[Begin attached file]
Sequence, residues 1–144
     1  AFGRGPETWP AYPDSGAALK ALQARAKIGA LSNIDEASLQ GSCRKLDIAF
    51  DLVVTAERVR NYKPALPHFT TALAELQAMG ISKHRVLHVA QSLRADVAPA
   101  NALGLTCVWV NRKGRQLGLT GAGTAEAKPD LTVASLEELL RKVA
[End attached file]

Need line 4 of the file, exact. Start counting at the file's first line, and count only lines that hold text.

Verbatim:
   101  NALGLTCVWV NRKGRQLGLT GAGTAEAKPD LTVASLEELL RKVA